U.S. Army soldiers. Photo: Google


As the U.S. Department of State issued a Level 4 warning — the highest-level warning in the department’s travel advisory system — against travelling to Matamoros after four U.S. citizens were reported abducted at gunpoint in that northern Mexican border on Friday, March 3, two Republican lawmakers have proposed a joint resolution giving U.S. President Joe Biden the authority to use the military against drug cartels in Mexico.

The four kidnapped Americans entered Matamoros — a city in the northeastern Mexican state of Tamaulipas, which shares a border with Brownsville, Texas — while travelling in a white van with North Carolina license plates. A video of the kidnapping, which was posted on Twitter, appeared to show armed men with rifles and wearing bulletproof vests forcing the victims, one after another, into the back of a pickup truck.

U.S. Ambassador to Mexico Ken Salazar issued a statement on Monday, March 6, saying that the U.S. citizens were abducted at gunpoint, and that a Mexican citizen died in the attack. Salazar said in the statement that various U.S. justice agencies — including the Federal Bureau of Investigation (FBI) — were working with their Mexican counterparts to recover the missing Americans.

Mexican President Andrés Manuel López Obrador, in his daily press conference on the morning of Monday, said that the four Americans crossed the border to buy medicine and ended up getting caught in a firefight between two armed groups.

Matamoros is considered ground zero for the Gulf Cartel, one of the oldest organized crime groups in Mexico, and is known for its warring factions.

In the same Monday press conference, López Obrador reacted to the move of Republican lawmakers Dan Crenshaw of Texas and Michael Waltz of Florida, which proposes sending members of the U.S. Army to fight organized crime in Mexico, saying it’s nothing more than “pure propaganda.”

“Invading another country with the excuse that they are going against terrorist drug traffickers, of course it’s pure propaganda,” said López Obrador. “However, all these claims of interventionism must be rejected — Mexico is an independent, sovereign country.”

On Jan. 12, Crenshaw and Waltz introduced a joint resolution “to give President Joe Biden the military authority to combat transnational cartels smuggling fentanyl into the United States.”

Crenshaw, who authored the bill, said that cartels “are responsible for about 360,000 homicides this year in Mexico” and that they are “militaristic in nature,” mirroring “an all-out civil war” in most cases.

“What we’ve been dealing with for a while now, and nobody wants to talk about it too much, is a potentially failed narcoterrorist state at our border,” said Crenshaw, in an interview with Fox News Digital in January. “And when you have 80,000 Americans a year dying from fentanyl overdose, oftentimes not even knowing they were taking fentanyl, that to me is active hostilities against the American people.”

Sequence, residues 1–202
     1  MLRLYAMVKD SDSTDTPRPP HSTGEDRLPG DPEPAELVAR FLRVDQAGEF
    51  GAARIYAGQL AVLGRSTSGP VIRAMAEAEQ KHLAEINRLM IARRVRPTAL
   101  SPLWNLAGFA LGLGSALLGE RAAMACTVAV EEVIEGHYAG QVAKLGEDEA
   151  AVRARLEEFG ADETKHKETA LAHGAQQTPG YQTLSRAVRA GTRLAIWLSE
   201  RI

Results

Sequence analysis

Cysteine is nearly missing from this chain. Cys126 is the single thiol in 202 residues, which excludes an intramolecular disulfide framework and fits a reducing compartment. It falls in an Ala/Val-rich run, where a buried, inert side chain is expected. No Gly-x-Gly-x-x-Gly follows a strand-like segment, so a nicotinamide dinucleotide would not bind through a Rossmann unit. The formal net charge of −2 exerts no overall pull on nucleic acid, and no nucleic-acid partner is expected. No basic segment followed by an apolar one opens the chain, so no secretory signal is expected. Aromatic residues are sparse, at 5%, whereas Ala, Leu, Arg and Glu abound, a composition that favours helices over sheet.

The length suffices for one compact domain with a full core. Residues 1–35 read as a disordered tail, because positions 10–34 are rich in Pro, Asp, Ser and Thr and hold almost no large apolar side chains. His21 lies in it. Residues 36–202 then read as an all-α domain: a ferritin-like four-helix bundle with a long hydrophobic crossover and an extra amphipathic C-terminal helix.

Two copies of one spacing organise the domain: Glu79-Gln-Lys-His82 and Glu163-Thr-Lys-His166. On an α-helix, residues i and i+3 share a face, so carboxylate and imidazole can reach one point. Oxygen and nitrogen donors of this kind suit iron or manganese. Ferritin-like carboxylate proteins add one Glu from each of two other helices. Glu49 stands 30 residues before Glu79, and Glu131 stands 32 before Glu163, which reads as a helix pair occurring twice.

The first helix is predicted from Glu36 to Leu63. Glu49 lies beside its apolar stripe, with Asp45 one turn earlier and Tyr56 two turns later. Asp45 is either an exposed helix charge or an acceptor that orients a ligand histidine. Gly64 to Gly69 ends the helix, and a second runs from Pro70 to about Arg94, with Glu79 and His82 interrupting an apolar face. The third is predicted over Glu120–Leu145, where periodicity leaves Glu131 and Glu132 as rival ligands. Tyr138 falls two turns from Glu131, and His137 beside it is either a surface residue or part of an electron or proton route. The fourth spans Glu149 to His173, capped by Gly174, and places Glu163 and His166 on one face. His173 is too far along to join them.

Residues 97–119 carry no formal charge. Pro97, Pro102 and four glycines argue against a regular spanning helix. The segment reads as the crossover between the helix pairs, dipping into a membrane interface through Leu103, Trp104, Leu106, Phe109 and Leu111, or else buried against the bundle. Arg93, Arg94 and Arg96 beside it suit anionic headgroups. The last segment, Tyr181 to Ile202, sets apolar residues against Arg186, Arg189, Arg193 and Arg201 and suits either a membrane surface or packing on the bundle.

For his part, Waltz — who cosponsored the bill — said that that the resolution was needed because organized crime groups in Mexico “have exceeded the capability of law enforcement” and are a “paramilitary arm armed with armored vehicles, heavy weapons and billions of dollars at their disposal.”

“And we’ve even seen collaboration with international terrorist groups and the Chinese Communist Party with these groups,” Waltz said in the same interview with Fox News. “So we believe that we need to start using military assets to address this national security threat.”

Resolution 18, titled “Resolution on the Authorization of the Use of Military Force to Combat, Attack, Resist, Target, Eliminate and Limit the Influence” (of drugs), would allow U.S. forces to act against “those foreign nations, foreign organizations or foreign persons affiliated with foreign organizations” which “have violated the law and attempt or conspire to traffic fentanyl or a related substance into the United States.”

For the bill to be endorsed, it would have to be voted on and approved in the U.S. lower house, endorsed in the U.S. Senate and then approved and signed by Biden, who has the last word.

Meanwhile, a report in business-focused Mexican daily newspaper El Financiero detailed the worsening insecurity in Mexico, which could threaten the expansion of nearshoring in the country.

Mexico is a key trade partner of the United States, and could benefit from nearshoring with annual exports of over $35 billion, according to estimates by economic experts. However, insecurity — particularly road insecurity, with increasing vehicle robbery on highways — has worsened in some regions in Mexico, limiting the growth of nearshoring in the country.

In 2022 alone, 3,361 vehicle robberies were registered in Mexico, 1,580, or 47 percent of which were heavy trucks and cargo transport, according to the National Association of Vehicle Tracking and Protection Companies (ANERPV).

David Román, president of ANERPV, told El Financiero that despite the deployment of more than 95,000 National Guard (GN) elements helping to reduce cargo theft, the arrival of new investments continues to whet the appetite of road bandits.

“We are seeing an increase in the rate of road robberies, especially in these new industrial parks. There are several parks that are opening, especially in the Bajío area (a geographical region within the central Mexican plateau),” Román said. “There are more parks for the aeronautical industry in Mazatlán, in the Yucatán and throughout the country where we are seeing this phenomenon, even in Monterrey, which has to do with the up-and-coming Tesla plant.”


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